2021’s Best Cities for Outdoor Grilling

Group of happy friends standing around an outdoor grill

Labor Day weekend is a time when Americans fire up their grills for outdoor gatherings of family and friends. But whether you’re a novice or a professional pitmaster, where you live can mean the difference between a well-done steak and a rare disaster. 

So which cities have that special sizzle?

Lawn Love ranked over 180 of the largest U.S. cities to determine the Best Cities for Outdoor Grilling. We looked for cities with plenty of butcher shops, affordable meat, nice weather, and community interest based on Google search trends. 

Use our rankings, in-depth analysis, and practical tips to make your Labor Day cookout the party of the year. 

In this article

  1. City rankings
  2. Results in depth
  3. Expert take
  4. Grilling by the numbers
  5. Methodology
  6. Final thoughts: Keep the fire going

City rankings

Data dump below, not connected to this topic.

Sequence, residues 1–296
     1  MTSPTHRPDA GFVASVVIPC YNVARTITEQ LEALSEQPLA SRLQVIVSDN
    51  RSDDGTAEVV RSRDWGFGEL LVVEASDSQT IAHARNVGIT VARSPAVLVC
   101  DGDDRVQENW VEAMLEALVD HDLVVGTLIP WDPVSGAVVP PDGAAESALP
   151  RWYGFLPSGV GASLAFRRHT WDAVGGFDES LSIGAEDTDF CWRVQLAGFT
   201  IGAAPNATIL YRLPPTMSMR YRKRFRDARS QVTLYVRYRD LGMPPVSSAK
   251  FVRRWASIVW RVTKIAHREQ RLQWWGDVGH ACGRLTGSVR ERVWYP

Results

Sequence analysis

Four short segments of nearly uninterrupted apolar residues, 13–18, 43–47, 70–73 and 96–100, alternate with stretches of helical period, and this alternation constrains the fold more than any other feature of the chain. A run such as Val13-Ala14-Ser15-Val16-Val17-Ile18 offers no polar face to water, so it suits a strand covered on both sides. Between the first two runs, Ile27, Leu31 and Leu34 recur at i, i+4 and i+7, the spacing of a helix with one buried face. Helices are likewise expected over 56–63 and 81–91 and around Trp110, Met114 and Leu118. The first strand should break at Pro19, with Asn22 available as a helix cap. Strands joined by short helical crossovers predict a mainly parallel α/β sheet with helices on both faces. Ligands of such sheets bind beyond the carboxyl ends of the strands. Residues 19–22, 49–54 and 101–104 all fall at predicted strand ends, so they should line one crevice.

See how each city fared in our ranking:

Infographic showing the best cities for outdoor grilling, a ranking based on the average price of meat, access to meat shops, historical weather, and more
Note: A total of 183 cities were ranked for Butcher Shops per 100,000 Residents. However, the lowest-ranking position for this metric is 127 due to a significant number of ties.

Results in depth

No Rain on Your Pork Parade

Two California cities topped our ranking of the Best Cities for Outdoor Grilling — Pomona at No. 1 and Palmdale at No. 2.

Pomona ranked high in our Access, Cost, and Outdoors categories. Besides having access to butcher shops and affordable cuts of meat, Pomona historically experiences infrequent rain, few extremely hot or cold days, and low wind speed. These environmental qualities make it a prime location for hosting backyard barbecues.